Russia, the largest producer outside the group, is keen to exit as soon as possible
Exit strategy may prove more of a challenge for oil producers
Opec and non-Opec have so far had a smooth ride in rebalancing the markets through the production cuts in place since January. Compliance levels, particularly from the Arabian Gulf Opec producers have been high, and co-operation with non-Opec's biggest producer Russia has been excellent. Relations between Opec kingpin Saudi Arabia and Russia have also warmed over the past year with the visit of King Salman to Moscow and plans to set up a US$1 billion energy fund to invest in upstream and downstream projects in both countries. In another sign of closer cooperation, Saudi energy minister Khaled Al Falih joined Russian president Vladimir Putin on Friday at the launch of the world's coldest liquefied natural gas (LNG) facility at Yamal in the Arctic - where Saudi Arabia plans to invest. While it has been smooth sailing so far for Opec and exporters outside the group, the real cracks in the ice could show next year when the producers hammer out a deal to phase out the curbs. The pressure comes from Russia, which is reluctant to prolong the curbs for longer than needed. The US is considering more sanctions on the already squeezed Russian economy, which looks spent from low oil prices, its military excursion in Crimea as well as sanctions from the European Union.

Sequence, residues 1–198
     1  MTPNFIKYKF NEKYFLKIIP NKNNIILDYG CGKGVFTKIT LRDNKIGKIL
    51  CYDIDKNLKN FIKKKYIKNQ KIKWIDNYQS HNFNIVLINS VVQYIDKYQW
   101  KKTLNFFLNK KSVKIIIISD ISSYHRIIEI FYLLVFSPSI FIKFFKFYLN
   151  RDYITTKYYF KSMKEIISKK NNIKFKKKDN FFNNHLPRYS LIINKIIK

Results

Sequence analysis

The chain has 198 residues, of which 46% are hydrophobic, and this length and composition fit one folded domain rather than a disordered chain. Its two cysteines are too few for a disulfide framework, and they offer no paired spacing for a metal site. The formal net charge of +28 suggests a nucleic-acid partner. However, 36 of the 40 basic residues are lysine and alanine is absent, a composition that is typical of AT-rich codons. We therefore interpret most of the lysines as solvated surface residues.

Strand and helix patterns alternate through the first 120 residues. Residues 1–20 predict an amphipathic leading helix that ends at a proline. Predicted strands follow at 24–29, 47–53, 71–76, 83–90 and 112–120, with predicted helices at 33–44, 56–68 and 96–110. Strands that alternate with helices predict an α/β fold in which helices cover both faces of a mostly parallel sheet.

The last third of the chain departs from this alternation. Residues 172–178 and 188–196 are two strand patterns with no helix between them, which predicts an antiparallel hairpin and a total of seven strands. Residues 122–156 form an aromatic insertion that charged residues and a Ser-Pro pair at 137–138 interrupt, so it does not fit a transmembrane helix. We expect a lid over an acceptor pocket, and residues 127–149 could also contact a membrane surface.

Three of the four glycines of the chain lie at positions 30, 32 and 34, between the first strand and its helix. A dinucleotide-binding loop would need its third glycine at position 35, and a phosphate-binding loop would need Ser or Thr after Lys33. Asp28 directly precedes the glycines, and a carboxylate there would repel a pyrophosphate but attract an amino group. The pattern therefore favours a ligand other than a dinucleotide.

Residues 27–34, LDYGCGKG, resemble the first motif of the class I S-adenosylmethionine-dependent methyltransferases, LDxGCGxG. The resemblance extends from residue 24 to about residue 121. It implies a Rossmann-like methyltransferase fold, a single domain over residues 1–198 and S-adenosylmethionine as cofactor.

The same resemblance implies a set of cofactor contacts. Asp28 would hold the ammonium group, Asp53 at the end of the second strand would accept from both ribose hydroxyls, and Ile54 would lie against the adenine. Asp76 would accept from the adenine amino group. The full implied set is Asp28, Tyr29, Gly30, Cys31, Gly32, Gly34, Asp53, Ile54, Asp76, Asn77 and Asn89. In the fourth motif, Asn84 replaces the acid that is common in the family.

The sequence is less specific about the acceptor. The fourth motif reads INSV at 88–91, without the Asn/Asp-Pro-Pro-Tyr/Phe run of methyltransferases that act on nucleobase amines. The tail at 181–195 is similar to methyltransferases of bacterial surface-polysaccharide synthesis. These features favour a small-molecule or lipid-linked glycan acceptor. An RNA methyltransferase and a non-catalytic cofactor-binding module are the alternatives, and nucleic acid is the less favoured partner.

Oil exporters who agreed to the curbs also remain cautious over the inflow of shale oil that could upset the delicate balance achieved in the oil markets so far. Speaking to reporters on Monday, Suhail Al Mazrouei, the UAE energy minister, weighed cautiously on Opec's exit strategy. It's "unfair" to speculate, he said. His former Kuwaiti counterpart - Issam Al Marzooq - by way of a parting commentary was more forthcoming of the challenges facing the grouping. "Russia wants to exit the deal as soon as possible," Mr Al Marzooq told Bloomberg on Sunday.. Opec is set to convene in June to discuss its exit strategy. So far the group has worked out the production cuts to be five per cent of an exporting nation's output. Producers like Russia would want to pump when the market reaches a comfortable price, especially with the looming threat of sanctions.